Saturday, September 22, 2012

How Are YOU Impacted by Eldercare?

A study released in June 2012 by the Bureau of Labor Statistics reports that... "In 2011, 16 percent of the U.S. civilian noninstitutional population age 15 and over were eldercare providers... This and other information about eldercare providers and the time they spent providing care were collected for the first time in the 2011 American Time Use Survey (ATUS). This release also includes the average amount of time per day in 2011 that individuals spent in various activities, such as working, household activities, childcare, and leisure and sports activities."  Click here to read the full report... or go to for a great synopsis by AARP contributor Sally Abrahms.

I find these statistics provided by Ms. Abrahms to be particularly interesting...
  • 56% of the 39.8 million eldercare providers were women.
  • 23% of providers also had one or more kids at home under age 18.
  • One out of six people in the U.S., or 16% of the civilian noninstitutional population ages 15+, spent time helping elders, and
  • More than 60% of care for an older person came from someone age 45+; one-sixth by a person age 65+.
Please read the full article and see where YOU fit into this picture.  Eldercare is gaining recognition in this country... as it should!  As Ms. Abrahms points out, this will hopefully lead to increased support and lessened burdens for those who find themselves involved in eldercare.  I also am encouraged to see that many of the tasks we caregivers perform for the elderly are finally being recognized as "eldercare," such as providing housekeeping, meals and transportation, shopping, managing daily finances, and offering companionship.  For many years, "caregiving" has been considered by many to include more personal care... help with bathing and matters of personal hygiene, medical care, and physical therapy and assistance.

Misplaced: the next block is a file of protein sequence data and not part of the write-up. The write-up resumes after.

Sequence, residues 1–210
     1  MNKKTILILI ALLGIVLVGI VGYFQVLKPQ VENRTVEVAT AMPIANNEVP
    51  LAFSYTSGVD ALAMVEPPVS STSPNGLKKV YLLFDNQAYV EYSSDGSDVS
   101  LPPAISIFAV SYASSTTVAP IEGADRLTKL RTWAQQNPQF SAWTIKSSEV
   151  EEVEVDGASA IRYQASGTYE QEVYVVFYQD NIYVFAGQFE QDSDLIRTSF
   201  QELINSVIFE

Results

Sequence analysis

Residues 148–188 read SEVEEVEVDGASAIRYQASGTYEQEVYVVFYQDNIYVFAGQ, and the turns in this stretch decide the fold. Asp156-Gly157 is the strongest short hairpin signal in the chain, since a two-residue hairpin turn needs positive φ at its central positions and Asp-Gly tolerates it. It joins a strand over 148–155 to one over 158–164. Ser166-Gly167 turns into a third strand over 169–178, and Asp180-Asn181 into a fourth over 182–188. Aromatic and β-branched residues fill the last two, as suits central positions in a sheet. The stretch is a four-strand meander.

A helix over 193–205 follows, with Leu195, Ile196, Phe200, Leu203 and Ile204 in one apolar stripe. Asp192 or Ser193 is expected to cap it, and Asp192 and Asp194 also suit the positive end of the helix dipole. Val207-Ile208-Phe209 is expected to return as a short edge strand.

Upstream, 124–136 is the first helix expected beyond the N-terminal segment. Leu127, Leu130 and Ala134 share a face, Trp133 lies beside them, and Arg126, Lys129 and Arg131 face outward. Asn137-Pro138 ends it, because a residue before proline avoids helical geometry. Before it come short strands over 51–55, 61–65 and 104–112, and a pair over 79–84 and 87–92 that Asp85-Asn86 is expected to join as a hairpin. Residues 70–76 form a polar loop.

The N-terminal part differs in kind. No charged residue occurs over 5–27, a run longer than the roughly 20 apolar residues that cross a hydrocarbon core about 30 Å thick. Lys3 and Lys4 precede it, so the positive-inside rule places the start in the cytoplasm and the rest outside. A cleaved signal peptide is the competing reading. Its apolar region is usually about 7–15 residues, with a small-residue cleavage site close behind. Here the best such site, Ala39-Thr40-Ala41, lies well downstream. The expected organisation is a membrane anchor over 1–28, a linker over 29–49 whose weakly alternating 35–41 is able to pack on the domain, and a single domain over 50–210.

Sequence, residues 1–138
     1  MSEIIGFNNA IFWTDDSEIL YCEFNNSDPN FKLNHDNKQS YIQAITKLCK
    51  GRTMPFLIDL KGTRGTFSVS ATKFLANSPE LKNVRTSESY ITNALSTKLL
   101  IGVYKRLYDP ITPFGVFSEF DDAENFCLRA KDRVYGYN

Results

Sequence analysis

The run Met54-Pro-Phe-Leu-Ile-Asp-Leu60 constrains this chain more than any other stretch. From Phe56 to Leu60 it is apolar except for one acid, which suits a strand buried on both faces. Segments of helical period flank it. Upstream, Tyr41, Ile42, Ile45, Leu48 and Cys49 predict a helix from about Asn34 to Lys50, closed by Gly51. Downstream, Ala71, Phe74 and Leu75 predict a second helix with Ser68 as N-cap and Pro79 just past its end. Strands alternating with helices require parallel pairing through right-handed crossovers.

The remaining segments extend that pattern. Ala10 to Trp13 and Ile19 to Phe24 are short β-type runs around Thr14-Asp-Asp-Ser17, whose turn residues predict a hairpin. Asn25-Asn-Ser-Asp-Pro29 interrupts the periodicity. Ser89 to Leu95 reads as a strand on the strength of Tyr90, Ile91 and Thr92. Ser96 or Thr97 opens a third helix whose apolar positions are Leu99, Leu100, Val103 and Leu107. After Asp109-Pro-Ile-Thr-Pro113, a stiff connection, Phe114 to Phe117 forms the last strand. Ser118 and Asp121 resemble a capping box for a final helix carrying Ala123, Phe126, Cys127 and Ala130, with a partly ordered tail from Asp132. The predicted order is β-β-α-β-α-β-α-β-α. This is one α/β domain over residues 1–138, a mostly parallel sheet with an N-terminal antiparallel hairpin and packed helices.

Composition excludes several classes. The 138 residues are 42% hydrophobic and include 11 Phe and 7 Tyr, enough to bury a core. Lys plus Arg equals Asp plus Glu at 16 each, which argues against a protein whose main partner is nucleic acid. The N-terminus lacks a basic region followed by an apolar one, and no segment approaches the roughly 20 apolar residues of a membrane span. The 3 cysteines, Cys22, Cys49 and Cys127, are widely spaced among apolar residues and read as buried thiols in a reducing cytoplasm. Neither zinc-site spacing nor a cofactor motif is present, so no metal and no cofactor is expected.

We had lunch yesterday with some friends we had not seen in a long time, and one of them asked, "What do you do these days?"  I laughed and told her, "We spend a lot of time taking care of others."  If you consider the time we actually spend in the physical presence of our elderly loved ones, it doesn't seem like they keep us all that busy.  But when I stop to consider the hours spent balancing checkbooks and paying bills, or shopping for personal items the ALF doesn't provide for my grandmother (like wet wipes and denture cleanser), it adds up.  I think about the morning I spent sorting clothing to find suitable warm outfits for fall and winter... and the hours I spent mending broken zippers and buttons that had fallen off of garments.  I look at the hours my husband spends mowing, trimming, weeding and fertilizing his mother's yard... or repairing broken appliances, replacing light bulbs, helping her decipher a bill or some financial decision... and even showing her pictures of her great-grandchildren on Facebook.  All of a sudden, there is little question about where the time goes!

While time-consuming and vital to daily living, the more "routine" activities that many of us take for granted, such as meal prep, balancing the checkbook and paying bills, and driving Grandma to the doctor or beauty shop, were not considered to fall under the umbrella of services offered by a bona fide "caregiver."  This is changing, thankfully.  Someone commented to the AARP article, saying he hoped that the government would do more than merely recognize that eldercare is real and vital.  This will take time.  The first step IS recognition - and awareness... and that's what I am trying to do, in part, on this blog.  By giving a voice to eldercare and the Sandwich Generation, we say, "Hey!  We're here, and this is how we are coping."  We can offer each other moral support and helpful suggestions, and we can be available for the next wave of caregivers who will surely join us.

As our population ages, this topic becomes even more important for all of us to consider.  How are you impacted by eldercare... and how might you be affected in the future? 

1 comment:

Kara said...

These are some really fascinating stats! It's nice to not feel alone and that we are part of larger community dealing with the same issues. I saw this great infographic on Alert1's Pinterest with similar data covering the same topic. Let's see how they compare!. I feel like the infographic hits all the important points...